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Key role for spinal dorsal horn microglial kinin B1 receptor in early diabetic pain neuropathy.

Talbot S, Chahmi E, Dias JP, Couture R - J Neuroinflammation (2010)

Bottom Line: Inhibition of microglia was confirmed by confocal microscopy with the specific marker Iba-1.Effects of intrathecal and/or systemic administration of B1R agonist (des-Arg9-BK) and antagonists (SSR240612 and R-715) were measured on neuropathic pain manifestations.The enhanced mRNA expression (B1R, IL-1beta, TNF-alpha, TRPV1) and Iba-1 immunoreactivity in the STZ spinal cord were normalized by fluorocitrate or minocycline, yet B1R binding sites were reduced by 38%.

View Article: PubMed Central - HTML - PubMed

Affiliation: Department of Physiology, Faculty of Medicine, Université de Montréal, C,P, 6128, Succursale Downtown, Montréal, Québec, H3C 3J7, Canada.

ABSTRACT

Background: The pro-nociceptive kinin B1 receptor (B1R) is upregulated on sensory C-fibres, astrocytes and microglia in the spinal cord of streptozotocin (STZ)-diabetic rat. This study aims at defining the role of microglial kinin B1R in diabetic pain neuropathy.

Methods: Sprague-Dawley rats were made diabetic with STZ (65 mg/kg, i.p.), and 4 days later, two specific inhibitors of microglial cells (fluorocitrate, 1 nmol, i.t.; minocycline, 10 mg/kg, i.p.) were administered to assess the impact on thermal hyperalgesia, allodynia and mRNA expression (qRT-PCR) of B1R and pro-inflammatory markers. Spinal B1R binding sites ((125I)-HPP-desArg10-Hoe 140) were also measured by quantitative autoradiography. Inhibition of microglia was confirmed by confocal microscopy with the specific marker Iba-1. Effects of intrathecal and/or systemic administration of B1R agonist (des-Arg9-BK) and antagonists (SSR240612 and R-715) were measured on neuropathic pain manifestations.

Results: STZ-diabetic rats displayed significant tactile and cold allodynia compared with control rats. Intrathecal or peripheral blockade of B1R or inhibition of microglia reversed time-dependently tactile and cold allodynia in diabetic rats without affecting basal values in control rats. Microglia inhibition also abolished thermal hyperalgesia and the enhanced allodynia induced by intrathecal des-Arg9-BK without affecting hyperglycemia in STZ rats. The enhanced mRNA expression (B1R, IL-1beta, TNF-alpha, TRPV1) and Iba-1 immunoreactivity in the STZ spinal cord were normalized by fluorocitrate or minocycline, yet B1R binding sites were reduced by 38%.

Conclusion: The upregulation of kinin B1R in spinal dorsal horn microglia by pro-inflammatory cytokines is proposed as a crucial mechanism in early pain neuropathy in STZ-diabetic rats.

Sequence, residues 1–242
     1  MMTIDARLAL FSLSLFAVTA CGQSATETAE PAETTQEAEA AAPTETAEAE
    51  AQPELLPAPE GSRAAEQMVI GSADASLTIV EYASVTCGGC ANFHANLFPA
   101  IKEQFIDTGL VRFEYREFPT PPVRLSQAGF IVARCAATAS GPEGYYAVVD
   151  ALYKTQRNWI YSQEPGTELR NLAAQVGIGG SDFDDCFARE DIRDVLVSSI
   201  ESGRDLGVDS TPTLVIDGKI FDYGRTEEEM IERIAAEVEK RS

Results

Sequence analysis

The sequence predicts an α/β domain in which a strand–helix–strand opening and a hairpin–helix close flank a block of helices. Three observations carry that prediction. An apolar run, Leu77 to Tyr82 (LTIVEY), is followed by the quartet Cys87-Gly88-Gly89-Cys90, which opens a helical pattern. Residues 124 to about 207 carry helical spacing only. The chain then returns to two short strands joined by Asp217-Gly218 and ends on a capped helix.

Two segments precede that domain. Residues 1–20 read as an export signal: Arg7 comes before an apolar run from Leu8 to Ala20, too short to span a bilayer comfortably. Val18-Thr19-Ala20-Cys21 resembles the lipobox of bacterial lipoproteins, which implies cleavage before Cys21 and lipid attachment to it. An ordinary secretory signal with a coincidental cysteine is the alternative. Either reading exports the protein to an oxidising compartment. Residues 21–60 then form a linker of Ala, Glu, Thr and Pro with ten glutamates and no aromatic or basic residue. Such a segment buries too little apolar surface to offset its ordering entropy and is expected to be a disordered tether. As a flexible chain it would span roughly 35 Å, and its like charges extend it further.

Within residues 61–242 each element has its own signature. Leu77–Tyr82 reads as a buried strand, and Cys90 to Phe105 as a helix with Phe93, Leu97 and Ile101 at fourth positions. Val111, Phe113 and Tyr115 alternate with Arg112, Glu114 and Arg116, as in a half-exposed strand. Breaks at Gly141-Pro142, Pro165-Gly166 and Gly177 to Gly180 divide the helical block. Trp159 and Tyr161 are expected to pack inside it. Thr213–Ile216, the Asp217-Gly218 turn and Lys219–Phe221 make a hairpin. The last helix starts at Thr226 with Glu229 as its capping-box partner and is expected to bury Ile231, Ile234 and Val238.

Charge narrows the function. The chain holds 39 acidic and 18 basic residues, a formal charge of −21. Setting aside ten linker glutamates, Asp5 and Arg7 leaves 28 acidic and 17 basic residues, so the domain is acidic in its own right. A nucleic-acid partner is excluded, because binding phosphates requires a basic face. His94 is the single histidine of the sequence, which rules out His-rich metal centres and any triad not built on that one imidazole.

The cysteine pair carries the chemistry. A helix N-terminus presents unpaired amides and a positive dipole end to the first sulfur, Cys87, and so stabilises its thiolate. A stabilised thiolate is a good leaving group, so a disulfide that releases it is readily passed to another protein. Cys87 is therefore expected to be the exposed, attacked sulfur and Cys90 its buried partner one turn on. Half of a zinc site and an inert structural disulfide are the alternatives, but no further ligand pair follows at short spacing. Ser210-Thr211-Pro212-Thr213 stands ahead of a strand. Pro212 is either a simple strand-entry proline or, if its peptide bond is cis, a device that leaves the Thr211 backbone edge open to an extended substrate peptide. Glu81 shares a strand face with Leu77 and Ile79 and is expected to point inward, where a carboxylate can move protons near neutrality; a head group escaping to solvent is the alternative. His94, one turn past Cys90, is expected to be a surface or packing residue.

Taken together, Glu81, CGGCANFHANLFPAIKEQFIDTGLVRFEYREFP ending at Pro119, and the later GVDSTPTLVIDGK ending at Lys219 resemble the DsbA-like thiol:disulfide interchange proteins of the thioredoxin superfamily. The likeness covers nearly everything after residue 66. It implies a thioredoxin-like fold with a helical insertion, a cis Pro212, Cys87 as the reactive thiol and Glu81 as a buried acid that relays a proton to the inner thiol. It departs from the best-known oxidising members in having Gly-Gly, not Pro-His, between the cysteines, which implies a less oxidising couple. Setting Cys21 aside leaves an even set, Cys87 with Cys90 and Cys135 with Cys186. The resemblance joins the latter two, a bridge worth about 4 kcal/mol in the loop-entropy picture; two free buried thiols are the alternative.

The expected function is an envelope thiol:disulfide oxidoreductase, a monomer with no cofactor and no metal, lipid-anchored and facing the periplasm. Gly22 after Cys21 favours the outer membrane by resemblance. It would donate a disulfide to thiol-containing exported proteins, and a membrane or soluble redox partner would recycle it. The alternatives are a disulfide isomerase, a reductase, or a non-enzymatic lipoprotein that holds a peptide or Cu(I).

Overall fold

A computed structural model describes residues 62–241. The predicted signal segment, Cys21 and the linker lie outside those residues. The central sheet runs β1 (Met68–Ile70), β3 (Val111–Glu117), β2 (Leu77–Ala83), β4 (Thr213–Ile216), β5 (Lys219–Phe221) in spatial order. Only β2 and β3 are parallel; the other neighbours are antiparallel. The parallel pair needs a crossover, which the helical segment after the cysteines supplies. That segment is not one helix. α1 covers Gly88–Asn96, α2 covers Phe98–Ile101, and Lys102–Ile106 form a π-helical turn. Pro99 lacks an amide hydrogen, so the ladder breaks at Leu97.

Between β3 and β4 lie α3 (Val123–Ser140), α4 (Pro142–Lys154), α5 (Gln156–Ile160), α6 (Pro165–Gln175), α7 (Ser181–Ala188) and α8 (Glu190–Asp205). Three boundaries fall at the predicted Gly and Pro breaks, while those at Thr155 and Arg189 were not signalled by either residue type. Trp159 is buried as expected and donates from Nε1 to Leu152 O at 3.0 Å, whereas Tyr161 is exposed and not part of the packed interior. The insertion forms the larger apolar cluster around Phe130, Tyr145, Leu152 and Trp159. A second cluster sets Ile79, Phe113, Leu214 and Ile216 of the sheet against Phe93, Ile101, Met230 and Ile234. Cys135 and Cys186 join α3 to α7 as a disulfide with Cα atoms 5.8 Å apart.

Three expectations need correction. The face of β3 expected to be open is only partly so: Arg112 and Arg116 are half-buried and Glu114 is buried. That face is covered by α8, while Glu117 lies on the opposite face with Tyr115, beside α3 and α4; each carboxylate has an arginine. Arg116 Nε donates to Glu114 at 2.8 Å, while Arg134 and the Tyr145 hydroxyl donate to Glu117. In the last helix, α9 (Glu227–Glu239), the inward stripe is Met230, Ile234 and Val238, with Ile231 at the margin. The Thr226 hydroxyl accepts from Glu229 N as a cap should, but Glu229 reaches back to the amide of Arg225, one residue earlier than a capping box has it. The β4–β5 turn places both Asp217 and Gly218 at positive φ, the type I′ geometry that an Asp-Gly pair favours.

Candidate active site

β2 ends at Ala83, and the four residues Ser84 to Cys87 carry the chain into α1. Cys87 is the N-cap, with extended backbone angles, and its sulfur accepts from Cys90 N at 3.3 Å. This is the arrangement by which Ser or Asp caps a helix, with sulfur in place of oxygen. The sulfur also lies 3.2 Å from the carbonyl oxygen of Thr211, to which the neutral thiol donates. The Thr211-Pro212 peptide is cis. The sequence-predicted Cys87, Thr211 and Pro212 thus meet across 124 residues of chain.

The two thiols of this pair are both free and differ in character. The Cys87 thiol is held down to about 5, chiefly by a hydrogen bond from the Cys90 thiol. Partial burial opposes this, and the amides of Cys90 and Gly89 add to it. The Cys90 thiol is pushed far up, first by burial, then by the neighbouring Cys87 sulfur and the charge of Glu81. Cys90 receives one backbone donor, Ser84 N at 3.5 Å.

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Time-course effect of B1R antagonists administered in the periphery (A) or intrathecally (B) on blood glucose concentration in control and 4-day STZ-diabetic rats. Data are the mean ± S.E.M. of 5 rats in each group. Statistical comparison to control (*) or untreated (0 h) STZ-treated rats (+) is indicated by + P < 0.05, ***P < 0.001.
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Figure 2: Time-course effect of B1R antagonists administered in the periphery (A) or intrathecally (B) on blood glucose concentration in control and 4-day STZ-diabetic rats. Data are the mean ± S.E.M. of 5 rats in each group. Statistical comparison to control (*) or untreated (0 h) STZ-treated rats (+) is indicated by + P < 0.05, ***P < 0.001.

Mentions: As depicted in Figure 1, rats which received STZ (65 mg/kg, i.p.) 4 days earlier displayed a significant increase of blood glucose concentration compared with vehicle-matched control rats. Blood glucose levels in control and STZ-treated rats were not affected by fluorocitrate (1 nmol, i.t.) or minocycline (10 mg/kg, i.p.) injected 3 h earlier (Figure 1). SSR240612 (10 mg/kg, p.o.) reduced significantly hyperglycemia in STZ-treated rats at 3 h post-gavage; the inhibitory effect of the B1R antagonist was not significant at 6 h and was completely resolved at 24 h. A similar pattern of anti-hyperglycemia was seen with R-715 (10 mg/kg, i.p.), yet the inhibitory effect did not reach statistical significance (Figure 2-A). Either antagonist did not affect glycemia in control rats. Intrathecally administered R-715 and SSR240612 (10 μg) failed to alter blood glucose levels in both control and STZ-diabetic rats (Figure 2-B).